18 December 2018 |
To the Editor:
I write to express concern that arises as I read and re-read the fall issue of Adventist Today. I must question your purpose in publishing the article about John Fetzer and the “book review” by Ervin Taylor, without the caveat “the following does not necessarily express opinions of the editors.” If ever that was needed, this was the time!
Adventists of a certain age are aware of Ronald Numbers’ general disdain for the doctrines of the church, and particularly for the prophetic ministry of Ellen White. His article certainly bears witness to that attitude. Why is there no footnote for the statement on p. 12: “In one of her first visions, God explained to Ellen that salvation could be granted only to those who observed the Sabbath of the seventh day of the week, as instructed by the Ten Commandments.” Really? If ever White wrote that constricted, distorted version of salvation and Sabbath, where is recognition of a mature understanding of the gifts of the Sabbath and salvation, itself? It’s difficult to choose the best of her rhapsodies on those who “are ignorant of the written law of God” but hear His voice through nature, and “are recognized as” His children (The Desire of Ages, p 638). There are many, but Numbers disdains to notice them.
The Fetzer article, narrating a search for truth that would end in utter confusion, is sprinkled with mocking asides about White’s naïveté and her ministry. If Ellen White was either naïve, mentally defective or an imposter, we should know it. However, substantial evidence to the contrary is generally accepted by our members. Ellen “insisted” that the Fox sisters were involved with evil angels, “even though they confessed to fraud.” The Seventh-day Adventists’ “distinctive cosmology” involved supernatural beings, inhabitants of other worlds as well as hosts of good and evil angels, were engaged in what Ellen White ‘liked’ to call ‘the great controversy.” She liked to call it that? Numbers dismisses a foundational doctrine without the dignity of capital letters!
The history of the “first official Seventh-day Adventist radio broadcasting station” could have been handled easily in a small portion of a short article. Why 10 pages devoted to a spiritual tragedy that seems to serve as a vehicle for characterizing the teachings and development of Seventh-day Adventism as trivial at best, dangerously misguided, at worst? Why?
And the book review. Was it a review of a book which Dr. Taylor dislikes, or just denigration of Clifford Goldstein, the “good friend” with whom Taylor disagrees “on almost every point of Adventist theology, as well as a number of general points of Christian theology.” The conclusion that a “friend’s” world view belongs either in “Europe during the 11th century CE, or… Palestine of the 11th century BCE” is condescending at best, insulting at worst.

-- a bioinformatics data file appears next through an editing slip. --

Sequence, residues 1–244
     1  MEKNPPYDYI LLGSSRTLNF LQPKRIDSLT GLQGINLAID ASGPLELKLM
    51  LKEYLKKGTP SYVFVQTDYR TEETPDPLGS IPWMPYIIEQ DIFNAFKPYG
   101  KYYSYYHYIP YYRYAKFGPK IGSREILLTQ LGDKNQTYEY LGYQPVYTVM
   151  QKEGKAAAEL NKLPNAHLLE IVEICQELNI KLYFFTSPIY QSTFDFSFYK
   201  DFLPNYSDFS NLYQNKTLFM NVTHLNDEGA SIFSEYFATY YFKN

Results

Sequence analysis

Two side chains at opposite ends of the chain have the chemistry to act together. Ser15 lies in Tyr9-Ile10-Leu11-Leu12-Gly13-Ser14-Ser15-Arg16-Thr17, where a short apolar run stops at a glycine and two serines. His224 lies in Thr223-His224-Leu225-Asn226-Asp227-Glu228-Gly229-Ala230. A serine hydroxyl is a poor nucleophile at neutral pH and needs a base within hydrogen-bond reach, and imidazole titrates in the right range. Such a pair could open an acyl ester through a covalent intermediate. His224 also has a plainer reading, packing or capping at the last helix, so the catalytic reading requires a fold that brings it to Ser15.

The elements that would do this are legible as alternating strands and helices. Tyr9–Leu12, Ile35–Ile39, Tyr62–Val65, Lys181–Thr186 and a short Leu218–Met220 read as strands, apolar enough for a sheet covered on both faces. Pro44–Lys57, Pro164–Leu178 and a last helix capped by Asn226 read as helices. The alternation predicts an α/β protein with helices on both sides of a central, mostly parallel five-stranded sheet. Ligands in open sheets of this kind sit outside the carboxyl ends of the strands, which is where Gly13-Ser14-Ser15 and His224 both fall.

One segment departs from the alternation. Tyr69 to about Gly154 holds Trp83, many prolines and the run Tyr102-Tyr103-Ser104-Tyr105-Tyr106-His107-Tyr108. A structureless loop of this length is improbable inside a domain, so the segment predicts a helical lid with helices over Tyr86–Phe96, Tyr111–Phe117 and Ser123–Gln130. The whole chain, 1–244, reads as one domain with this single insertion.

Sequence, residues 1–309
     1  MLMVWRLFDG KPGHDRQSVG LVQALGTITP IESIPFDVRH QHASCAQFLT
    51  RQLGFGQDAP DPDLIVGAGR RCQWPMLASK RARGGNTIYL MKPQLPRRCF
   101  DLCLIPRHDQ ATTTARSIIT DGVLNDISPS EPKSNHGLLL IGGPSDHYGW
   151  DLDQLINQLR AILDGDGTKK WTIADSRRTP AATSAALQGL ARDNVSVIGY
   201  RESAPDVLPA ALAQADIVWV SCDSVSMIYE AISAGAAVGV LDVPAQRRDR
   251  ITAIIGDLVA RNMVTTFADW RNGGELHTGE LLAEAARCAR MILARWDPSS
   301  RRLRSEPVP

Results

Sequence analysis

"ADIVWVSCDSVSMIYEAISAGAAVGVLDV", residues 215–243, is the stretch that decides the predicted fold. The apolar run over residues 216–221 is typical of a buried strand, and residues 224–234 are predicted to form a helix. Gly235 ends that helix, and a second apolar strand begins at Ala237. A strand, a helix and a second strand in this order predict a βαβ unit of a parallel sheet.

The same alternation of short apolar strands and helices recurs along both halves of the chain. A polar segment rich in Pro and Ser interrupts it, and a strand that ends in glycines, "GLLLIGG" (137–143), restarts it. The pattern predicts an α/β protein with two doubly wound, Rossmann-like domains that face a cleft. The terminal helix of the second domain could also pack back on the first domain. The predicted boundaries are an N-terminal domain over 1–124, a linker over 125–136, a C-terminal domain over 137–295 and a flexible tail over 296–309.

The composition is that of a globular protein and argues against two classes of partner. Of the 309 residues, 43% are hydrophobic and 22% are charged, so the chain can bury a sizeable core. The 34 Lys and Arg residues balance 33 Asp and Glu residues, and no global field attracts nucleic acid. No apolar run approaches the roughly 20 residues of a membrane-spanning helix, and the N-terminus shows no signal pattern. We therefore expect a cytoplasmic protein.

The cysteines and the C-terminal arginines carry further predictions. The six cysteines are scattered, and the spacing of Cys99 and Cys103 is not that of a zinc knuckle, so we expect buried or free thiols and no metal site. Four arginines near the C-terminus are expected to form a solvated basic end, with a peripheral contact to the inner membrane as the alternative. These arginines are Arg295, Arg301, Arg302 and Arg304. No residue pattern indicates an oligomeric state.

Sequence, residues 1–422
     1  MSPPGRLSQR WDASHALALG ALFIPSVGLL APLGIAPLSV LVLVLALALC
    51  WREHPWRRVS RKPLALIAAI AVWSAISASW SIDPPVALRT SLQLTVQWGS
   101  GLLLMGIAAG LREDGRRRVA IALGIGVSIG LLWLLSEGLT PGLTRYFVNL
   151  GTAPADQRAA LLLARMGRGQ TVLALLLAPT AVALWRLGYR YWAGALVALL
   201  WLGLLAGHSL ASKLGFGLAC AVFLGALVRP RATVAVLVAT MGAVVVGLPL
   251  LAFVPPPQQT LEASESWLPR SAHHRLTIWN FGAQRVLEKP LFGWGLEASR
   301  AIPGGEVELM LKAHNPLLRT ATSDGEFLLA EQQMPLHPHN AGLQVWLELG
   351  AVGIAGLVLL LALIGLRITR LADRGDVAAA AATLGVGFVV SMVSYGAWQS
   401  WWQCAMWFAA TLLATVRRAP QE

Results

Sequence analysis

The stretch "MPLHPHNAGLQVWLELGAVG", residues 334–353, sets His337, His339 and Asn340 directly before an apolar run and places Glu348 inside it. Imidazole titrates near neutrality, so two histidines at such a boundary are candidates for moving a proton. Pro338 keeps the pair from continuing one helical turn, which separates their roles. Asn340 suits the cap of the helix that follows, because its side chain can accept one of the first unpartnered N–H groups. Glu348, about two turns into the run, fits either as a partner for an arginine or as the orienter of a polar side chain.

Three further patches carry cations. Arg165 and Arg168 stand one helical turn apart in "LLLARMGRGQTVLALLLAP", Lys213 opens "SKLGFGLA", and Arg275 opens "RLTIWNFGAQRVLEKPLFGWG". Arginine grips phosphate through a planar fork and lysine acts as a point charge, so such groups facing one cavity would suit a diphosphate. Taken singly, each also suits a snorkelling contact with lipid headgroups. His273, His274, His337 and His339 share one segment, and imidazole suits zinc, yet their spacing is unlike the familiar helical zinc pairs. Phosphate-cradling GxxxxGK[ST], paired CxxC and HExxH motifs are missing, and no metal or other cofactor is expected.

Does disagreement with the materialistic explanation for beginnings automatically imply incomprehension? Or is there a difference between an approach influenced by Goldstein’s religious beliefs and a lack of understanding of “the nature of modern science”? Is the distaste for a system of thought that, (while effective in the study of observable phenomena, disdains any sort of “revelation” concerning origins), is really an indication of a “distaste for the major intellectual and cultural components of our modern world”? A cure for polio, men walking on the moon, and a plethora of archeological discoveries that support biblical history. Are those not also intellectual and cultural achievements? Where is proof that Goldstein misunderstands or rejects their reality?
As support for the “current understandings of the chronology of Earth history,” Dr. Taylor cites the mixed blessings of the Age of Enlightenment. Along with the development of modern scientific methods, that Age saw an erosion of belief in God as Creator and the birth of the new religion, Humanism. Goldstein can’t ignore the broad influences of that time.
Dr. Taylor criticizes Goldstein for presenting “binary total absolute Truths”; no surprise from a scholar whose attempts to blend his certainty about the biological changes of the “human animal over millions and billions of years” with a nod toward the competing doctrine of man’s creation “in the image of God.” Taylor states that his focus is geological time, but his true conclusions are betrayed by this phrase: “established conclusions about the origins of life, the universe, and everything else in it.” Again, why no disclaimers? Why give space to such a collection of half-truths?
This is Adventist Today, “a non-profit organization dedicated to fostering open dialogue in the Adventist community and beyond.” One assumes your aim is to enlighten us about the deeper truths of our history and doctrine, while keeping us wary about those who use our structure for self-aggrandizement. I don’t believe your purpose is to undermine our ability to determine the difference between truth and error.
Adventists are creationists. So is the Bible.
Sincerely, an avid reader,
Sharan Bennett, J.D., M.A.